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Lothian Health Board

Volume 168: debated on Wednesday 28 February 1990

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3.

To ask the Secretary of State for Scotland what action he proposes to take following the investigation of the finances of Lothian health board by Mr. Don Cruickshank.

Discussions are continuing with Lothian health board.

Is not it intolerable that the future of the National Health Service in Lothian should be decided by Mr. Cruickshank and by Peat, Marwick, McLintock behind closed doors? Will the Minister confirm that the value in real terms of the increased allocation for Lothian health board next year is just £8 million, which will be completely swallowed up and wiped out by the repayment of the loan to deal with the present crisis in Lothian health board? Meanwhile we still have a staffing freeze, closures of theatre units and beds and rock bottom morale in the Health Service in Lothian region. Can we have a proper review of the needs of the Health Service in Lothian and will the Minister ensure that the service is funded in accordance with those needs?

The hon. Gentleman seems to be labouring under a misapprehension. I cannot confirm his figure for the resources for Lothian because it is not correct. The hon. Gentleman talked about the resources available to Lothian health board and took no account of the 1 per cent. that will be available from efficiency savings, to which I know Opposition Members are opposed. As for the Peat, Marwick, McLintock report, the hon.Gentleman should know that decisions about priorities in Lothian health board will be determined by the health board, not by the chief executive, not by the consultants. The chief executive and the consultants are endeavouring to be helpful because the board has spent more than the resources allocated to it, which was discovered at a very late stage in the financial year.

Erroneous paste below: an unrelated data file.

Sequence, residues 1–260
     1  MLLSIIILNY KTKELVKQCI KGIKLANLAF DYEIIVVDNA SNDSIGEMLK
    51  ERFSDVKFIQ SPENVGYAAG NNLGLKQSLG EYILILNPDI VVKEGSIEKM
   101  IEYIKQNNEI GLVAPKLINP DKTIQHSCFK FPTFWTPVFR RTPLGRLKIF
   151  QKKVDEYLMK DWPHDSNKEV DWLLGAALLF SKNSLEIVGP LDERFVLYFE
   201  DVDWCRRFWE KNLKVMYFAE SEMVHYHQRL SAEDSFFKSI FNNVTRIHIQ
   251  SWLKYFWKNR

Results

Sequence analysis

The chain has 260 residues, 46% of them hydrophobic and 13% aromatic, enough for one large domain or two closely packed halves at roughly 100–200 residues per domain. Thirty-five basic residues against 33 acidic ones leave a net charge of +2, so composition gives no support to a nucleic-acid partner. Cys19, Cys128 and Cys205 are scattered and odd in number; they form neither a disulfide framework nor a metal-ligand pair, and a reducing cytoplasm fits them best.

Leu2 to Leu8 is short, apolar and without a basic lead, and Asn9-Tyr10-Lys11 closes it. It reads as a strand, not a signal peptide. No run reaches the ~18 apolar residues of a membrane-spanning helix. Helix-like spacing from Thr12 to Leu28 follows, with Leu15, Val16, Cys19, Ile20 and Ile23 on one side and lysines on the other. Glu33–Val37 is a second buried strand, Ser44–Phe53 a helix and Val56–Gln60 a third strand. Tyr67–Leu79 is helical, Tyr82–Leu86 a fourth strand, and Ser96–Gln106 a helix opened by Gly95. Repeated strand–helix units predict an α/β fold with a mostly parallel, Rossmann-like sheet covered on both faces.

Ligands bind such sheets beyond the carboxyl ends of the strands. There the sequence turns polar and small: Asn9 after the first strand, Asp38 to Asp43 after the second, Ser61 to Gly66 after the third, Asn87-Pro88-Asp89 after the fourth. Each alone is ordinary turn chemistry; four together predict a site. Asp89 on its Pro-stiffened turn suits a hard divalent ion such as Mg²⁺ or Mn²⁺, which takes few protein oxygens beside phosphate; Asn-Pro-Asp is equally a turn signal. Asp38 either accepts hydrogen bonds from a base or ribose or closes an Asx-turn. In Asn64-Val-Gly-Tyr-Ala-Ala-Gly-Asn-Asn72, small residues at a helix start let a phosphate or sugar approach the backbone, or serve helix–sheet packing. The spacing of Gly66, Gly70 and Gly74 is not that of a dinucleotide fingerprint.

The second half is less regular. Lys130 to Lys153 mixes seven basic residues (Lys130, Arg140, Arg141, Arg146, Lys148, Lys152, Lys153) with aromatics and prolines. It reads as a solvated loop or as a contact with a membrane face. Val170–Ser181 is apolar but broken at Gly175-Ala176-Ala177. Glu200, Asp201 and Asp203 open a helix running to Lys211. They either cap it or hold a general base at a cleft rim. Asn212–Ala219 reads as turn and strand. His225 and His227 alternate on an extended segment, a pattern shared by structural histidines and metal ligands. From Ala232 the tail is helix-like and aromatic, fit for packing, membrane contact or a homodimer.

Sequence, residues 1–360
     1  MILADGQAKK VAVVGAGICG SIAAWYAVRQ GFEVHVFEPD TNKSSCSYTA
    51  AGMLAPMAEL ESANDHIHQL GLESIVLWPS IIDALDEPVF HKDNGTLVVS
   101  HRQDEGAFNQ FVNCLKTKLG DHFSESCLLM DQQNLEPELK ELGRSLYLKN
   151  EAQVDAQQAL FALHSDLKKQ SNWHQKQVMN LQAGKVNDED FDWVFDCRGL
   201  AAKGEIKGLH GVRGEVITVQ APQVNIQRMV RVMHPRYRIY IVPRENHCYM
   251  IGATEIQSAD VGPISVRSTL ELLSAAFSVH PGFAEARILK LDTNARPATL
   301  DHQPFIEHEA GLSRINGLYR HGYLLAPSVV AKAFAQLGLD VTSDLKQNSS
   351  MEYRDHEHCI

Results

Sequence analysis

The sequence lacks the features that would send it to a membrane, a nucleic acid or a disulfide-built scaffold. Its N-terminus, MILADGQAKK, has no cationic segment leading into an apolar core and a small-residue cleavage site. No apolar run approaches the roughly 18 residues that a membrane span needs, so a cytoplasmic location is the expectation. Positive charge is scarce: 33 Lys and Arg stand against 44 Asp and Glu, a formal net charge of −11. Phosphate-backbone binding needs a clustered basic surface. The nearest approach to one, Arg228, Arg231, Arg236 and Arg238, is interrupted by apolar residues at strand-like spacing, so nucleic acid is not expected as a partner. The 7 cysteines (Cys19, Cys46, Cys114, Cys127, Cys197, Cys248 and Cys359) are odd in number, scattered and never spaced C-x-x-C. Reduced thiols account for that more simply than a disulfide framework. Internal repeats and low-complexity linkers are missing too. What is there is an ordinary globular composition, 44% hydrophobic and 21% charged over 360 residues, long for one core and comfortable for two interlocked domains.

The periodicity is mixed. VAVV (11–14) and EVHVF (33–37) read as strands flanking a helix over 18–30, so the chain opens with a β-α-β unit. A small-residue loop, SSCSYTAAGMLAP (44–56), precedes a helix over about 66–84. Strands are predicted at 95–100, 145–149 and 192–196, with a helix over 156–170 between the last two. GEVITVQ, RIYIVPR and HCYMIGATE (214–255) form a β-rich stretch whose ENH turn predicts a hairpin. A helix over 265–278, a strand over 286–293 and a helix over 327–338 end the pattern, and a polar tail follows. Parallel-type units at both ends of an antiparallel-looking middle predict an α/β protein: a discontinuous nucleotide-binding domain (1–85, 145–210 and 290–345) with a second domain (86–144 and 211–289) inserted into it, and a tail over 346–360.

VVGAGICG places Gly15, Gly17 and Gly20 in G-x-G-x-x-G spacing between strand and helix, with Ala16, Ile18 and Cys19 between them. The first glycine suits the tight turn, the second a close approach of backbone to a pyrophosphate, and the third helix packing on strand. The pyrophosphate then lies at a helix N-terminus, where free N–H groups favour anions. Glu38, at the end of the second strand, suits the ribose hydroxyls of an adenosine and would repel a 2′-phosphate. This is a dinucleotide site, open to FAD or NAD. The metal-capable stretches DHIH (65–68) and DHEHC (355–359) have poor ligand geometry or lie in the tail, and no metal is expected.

Does not the Minister realise that the Secretary of State has appointed a man to preside over the Health Service in Scotland who, when chairman of Wandsworth health authority, presided over the loss of more than 100 beds and a hospital, and ward closures?

Those cuts led to no savings, but caused much harm to patient services. Even with the loss of Bruntsfield hospital and Elsie Inglis hospital, the current round of funding leaves Lothian health board with fewer resources than it needs. Its resources do not match medical inflation, and that will result in further ward and hospital closures.

It is true that the chief executive of the Health Service in Scotland was chairman of Wandsworth health authority. I am sure that the hon. Gentleman will wish to acknowledge that the resources available to the Health Service in Scotland are about 25 per cent. higher per head than south of the border. Lothian is the second best funded health board in Scotland. It has benefited from the considerable expansion of services, including phase I of St. John's hospital in the constituency of the hon. Member for Livingston (Mr. Cook), which is the biggest single investment project in the Health Service in Scotland. I should have thought that, from time to time, Opposition Members would recognise the strength of the Health Service and help to raise morale instead of constantly pointing to the difficulties that the chief executive and others in the management of the Health Service are attempting to cope with.